# Perpetual storm on Earth

On an Earth like planet, is it possible to have a perpetual storm surrounding an island? And if so what would cause/maintain this storm?

Edit: To be a little more clear, I'm looking for a storm strong enough to make sea travel dangerous, but not impossible. The first possible answer below is the best so far for meeting this condition.

Possible answers: (not sure how to mark first one as an answer)

How could constant or near-constant rain in an area be possible?

How to create the eternal storm?

• Highly improbable, and I'm tempted to say even impossible. Magic is basically the only reasonable reason. If you think of magic as reasonable, that is. Sep 28 '16 at 15:29
• Possible duplicate of How to create the eternal storm? Sep 28 '16 at 15:29
• Welcome to the site Tezra. I think this question already has an answer, see above. If you have questions on the site and how it works please check out the help center Sep 28 '16 at 15:30
• @James I don't see how these are the same question. Related, certainly, but that one asks about a mobile storm and this one asks about a stationary one. It's a different set of problems that need to be solved. Sep 28 '16 at 15:37
• @Frostfyre Ok it should have been this one: worldbuilding.stackexchange.com/questions/4732/… How do I edit the possible duplicate link? Sep 28 '16 at 15:43

In Venezuela, near the border with Colombia, in the region of the mouth of the Catatumbo River where it empties into Lake Maracaibo, there is something similar to a perpetual storm. It is not really a perpetual storm, but a series of storms that forms in the same place and stay in the area. The place has more storms than anywhere else in the world by an overwhelming margin.

Those storms persist for around 140 to 260 nights per year. Each storm lasts for roughly 10 hour a day, producing roughly 280 lightning strikes each hour. This is an average of one lightning strike every 15 seconds for the duration of each individual storm. And of course, there should be times of more intense activity than the average.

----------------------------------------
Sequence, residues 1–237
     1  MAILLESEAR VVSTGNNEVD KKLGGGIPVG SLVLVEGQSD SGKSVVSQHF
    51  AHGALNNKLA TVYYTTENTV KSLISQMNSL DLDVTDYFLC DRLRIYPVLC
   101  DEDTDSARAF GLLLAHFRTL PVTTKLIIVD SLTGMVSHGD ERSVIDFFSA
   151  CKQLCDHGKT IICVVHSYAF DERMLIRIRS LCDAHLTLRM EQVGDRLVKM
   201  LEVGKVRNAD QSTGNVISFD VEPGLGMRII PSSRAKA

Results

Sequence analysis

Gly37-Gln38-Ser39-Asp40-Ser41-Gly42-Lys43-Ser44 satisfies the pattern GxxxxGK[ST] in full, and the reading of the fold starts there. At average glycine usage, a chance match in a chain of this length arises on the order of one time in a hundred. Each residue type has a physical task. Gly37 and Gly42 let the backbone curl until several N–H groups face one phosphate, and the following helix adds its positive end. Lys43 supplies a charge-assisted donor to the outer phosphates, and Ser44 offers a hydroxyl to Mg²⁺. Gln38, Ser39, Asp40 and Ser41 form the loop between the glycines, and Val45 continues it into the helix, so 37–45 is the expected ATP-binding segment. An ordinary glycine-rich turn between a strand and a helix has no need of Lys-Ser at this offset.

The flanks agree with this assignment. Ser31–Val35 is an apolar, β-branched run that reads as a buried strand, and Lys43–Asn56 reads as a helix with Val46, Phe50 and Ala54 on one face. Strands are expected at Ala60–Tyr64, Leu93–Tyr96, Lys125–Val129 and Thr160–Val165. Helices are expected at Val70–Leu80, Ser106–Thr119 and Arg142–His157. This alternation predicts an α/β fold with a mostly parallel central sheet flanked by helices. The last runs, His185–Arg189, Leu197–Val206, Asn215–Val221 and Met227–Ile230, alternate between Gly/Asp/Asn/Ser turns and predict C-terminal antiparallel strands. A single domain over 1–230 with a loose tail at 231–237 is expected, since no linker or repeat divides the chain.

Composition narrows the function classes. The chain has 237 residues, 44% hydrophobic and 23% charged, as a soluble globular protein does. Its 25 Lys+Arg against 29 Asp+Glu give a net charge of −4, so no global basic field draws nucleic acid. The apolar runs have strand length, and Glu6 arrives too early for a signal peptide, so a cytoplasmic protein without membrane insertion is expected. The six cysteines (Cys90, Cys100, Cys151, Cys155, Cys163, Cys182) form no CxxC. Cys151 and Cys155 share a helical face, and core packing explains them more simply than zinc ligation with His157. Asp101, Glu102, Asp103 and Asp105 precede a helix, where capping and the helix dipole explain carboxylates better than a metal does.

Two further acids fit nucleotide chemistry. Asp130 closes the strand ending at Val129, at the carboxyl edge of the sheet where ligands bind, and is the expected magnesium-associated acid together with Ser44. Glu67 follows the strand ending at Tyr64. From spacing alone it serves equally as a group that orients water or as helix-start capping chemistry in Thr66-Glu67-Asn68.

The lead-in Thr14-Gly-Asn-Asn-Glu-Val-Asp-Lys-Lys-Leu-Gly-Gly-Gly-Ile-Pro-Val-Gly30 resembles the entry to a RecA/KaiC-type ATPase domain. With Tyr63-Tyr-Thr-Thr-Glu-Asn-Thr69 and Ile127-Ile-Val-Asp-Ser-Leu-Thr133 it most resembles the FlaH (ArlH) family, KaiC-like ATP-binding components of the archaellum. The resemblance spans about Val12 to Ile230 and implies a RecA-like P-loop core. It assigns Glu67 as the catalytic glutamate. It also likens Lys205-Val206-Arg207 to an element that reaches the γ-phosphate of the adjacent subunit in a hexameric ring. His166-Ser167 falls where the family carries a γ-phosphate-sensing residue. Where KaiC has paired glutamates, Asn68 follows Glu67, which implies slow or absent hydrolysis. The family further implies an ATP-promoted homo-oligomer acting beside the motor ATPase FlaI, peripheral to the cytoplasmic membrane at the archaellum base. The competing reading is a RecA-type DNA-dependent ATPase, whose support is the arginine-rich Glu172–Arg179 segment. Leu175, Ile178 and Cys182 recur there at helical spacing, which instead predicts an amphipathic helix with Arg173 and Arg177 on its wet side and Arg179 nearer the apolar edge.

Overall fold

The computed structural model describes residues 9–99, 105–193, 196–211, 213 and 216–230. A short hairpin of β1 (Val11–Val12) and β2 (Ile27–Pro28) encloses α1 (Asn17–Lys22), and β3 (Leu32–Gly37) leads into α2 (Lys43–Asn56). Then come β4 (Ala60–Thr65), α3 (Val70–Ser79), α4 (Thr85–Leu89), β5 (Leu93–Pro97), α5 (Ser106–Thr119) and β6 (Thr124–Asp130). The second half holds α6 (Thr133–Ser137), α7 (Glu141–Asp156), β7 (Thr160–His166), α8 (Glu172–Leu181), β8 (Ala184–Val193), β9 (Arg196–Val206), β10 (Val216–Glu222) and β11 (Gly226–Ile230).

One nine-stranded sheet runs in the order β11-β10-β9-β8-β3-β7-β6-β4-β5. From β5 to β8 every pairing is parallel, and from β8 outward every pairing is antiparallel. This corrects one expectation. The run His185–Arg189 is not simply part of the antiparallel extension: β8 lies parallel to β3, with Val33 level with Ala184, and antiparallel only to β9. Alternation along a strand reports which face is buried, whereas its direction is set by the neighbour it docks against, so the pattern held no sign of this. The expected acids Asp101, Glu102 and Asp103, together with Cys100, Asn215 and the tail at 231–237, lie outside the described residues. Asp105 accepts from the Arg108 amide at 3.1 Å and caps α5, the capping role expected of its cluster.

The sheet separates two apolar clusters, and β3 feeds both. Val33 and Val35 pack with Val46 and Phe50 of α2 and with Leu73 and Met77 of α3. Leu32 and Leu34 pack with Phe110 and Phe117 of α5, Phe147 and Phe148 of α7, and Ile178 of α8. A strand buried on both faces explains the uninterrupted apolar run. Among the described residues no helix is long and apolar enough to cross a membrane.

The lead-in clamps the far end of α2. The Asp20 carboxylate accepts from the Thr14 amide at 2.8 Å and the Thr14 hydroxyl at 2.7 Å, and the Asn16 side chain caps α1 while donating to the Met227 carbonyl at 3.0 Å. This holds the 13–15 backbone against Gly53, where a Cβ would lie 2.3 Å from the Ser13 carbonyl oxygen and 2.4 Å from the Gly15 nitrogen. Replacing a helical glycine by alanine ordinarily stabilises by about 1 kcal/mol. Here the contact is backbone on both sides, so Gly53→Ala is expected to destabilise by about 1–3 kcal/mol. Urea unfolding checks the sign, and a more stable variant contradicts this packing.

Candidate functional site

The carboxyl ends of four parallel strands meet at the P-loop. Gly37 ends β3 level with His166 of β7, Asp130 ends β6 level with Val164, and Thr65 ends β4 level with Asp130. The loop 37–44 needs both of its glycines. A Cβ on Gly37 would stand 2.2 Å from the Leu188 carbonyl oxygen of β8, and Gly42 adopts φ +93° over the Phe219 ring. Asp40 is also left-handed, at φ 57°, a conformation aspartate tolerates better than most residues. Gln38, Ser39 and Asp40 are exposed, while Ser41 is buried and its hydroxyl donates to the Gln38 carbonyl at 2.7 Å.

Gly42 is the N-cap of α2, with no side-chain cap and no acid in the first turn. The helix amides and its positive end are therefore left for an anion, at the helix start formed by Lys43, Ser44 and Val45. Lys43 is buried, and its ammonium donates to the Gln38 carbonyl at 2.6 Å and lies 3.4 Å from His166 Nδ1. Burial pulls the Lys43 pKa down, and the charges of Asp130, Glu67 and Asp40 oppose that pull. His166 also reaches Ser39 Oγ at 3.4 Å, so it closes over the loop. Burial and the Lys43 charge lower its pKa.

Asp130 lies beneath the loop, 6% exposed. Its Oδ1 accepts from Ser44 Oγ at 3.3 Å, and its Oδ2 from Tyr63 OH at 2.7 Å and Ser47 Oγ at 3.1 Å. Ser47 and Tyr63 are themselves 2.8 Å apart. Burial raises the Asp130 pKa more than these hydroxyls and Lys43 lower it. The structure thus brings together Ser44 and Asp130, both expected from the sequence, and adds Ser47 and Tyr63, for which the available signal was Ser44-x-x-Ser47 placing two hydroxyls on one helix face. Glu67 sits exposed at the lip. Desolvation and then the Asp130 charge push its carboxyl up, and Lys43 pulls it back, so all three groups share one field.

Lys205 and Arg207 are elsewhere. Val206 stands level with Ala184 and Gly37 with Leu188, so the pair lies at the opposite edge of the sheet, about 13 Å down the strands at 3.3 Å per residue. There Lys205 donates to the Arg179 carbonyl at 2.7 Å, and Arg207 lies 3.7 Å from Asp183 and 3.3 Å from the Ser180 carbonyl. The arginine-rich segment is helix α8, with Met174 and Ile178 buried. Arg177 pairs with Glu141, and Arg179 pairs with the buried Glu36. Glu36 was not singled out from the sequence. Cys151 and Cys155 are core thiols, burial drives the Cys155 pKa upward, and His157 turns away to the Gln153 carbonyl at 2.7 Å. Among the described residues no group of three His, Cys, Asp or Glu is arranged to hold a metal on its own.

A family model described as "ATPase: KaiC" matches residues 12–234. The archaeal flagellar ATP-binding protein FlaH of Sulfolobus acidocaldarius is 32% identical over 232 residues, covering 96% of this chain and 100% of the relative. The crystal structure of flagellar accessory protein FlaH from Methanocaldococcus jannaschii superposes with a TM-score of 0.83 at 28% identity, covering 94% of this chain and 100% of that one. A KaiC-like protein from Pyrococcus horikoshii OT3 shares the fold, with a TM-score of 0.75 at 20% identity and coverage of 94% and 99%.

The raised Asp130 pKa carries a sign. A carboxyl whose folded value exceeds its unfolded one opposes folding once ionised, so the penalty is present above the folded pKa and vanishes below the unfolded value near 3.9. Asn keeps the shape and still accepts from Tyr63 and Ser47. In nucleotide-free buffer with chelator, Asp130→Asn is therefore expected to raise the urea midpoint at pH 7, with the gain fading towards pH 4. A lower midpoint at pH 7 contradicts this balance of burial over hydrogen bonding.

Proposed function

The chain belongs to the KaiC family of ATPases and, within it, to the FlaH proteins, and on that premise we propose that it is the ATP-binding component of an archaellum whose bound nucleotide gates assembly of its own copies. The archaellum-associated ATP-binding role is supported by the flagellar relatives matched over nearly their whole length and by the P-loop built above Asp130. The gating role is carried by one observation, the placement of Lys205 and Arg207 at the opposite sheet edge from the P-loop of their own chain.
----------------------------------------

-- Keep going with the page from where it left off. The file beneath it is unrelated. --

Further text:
Relevant wikipedia source: https://en.wikipedia.org/wiki/Catatumbo_lightning

In order to create a place with a truly perpetual storm in your hypothetical planet, you should optimize/maximize the conditions that make places like Catatumbo real (and put your island there). Unfortunately, the cause of such phenomena is still poorly understood. It seems certain that near-equator latitude, oceanic currents, wind patterns and the local geography and ecology plays a major role. Also, the release of methane from the lake seems to be an important part. I would also bet that being near the greatest rainforest in the world, not so far away nor too close to a large mountain range and also near a isthmus that connects two large continental masses separating two large oceans that almost but do not touch there to be something important. However, current-day science still does not seems to know enough to determine that with any certainty.

If I could handwave the geography of such a place, I would create a water cycle that bottlenecks in/over your island, where wind patterns make hot and cold air currents meet. There should be some way of placing oceans, continental masses, forests, rivers, lakes, mountain ranges, valleys, swamps and whatever else that will eventually produce the perpetual storm. However, I don't know what would be that way, and I think that nobody really does.

A very good example of this would be to take a look at earth, between 45° and 65° South latitudinal to find the roaring forties, the furious fifties and screaming sixties. There pare perpetual storms going on there as there is very little land to break up the stream and earth's Coriolis to whip the winds some more. It's danger is situational, though ever present and it was hated by the sailors in history has many ships went down due to the harsh weather condition in the region.

From a scientific standpoint, a perpetual storm is unlikely. But let's look at the causes of a storm. Storms happen when an area of low pressure develops with a surrounding area of high pressure. A storm, in the simplest terms is a sort of release valve. Lots of evaporation has to happen as well, and there can't be any wind from a global system to move the storm to another location. Look into the mechanism of storms and create a way for that to be, if not constant, just often.

Mountains are a big help as far as this concerned, but keep in mind that a location is part of global weather. That is, storms don't just sit over an area, they move.

• Since the day-night cycle affects air temperature and pressure, you may need to have your storm near one of the poles (where the day-night cycle has less of an impact), or have your planet tidally locked so there is no day-night cycle. Tidally-locked celestial bodies have other issues, though. You could also minimize the importance of day-night temperature changes by controlling air temperature via underground hot springs or something similar. Sep 28 '16 at 21:49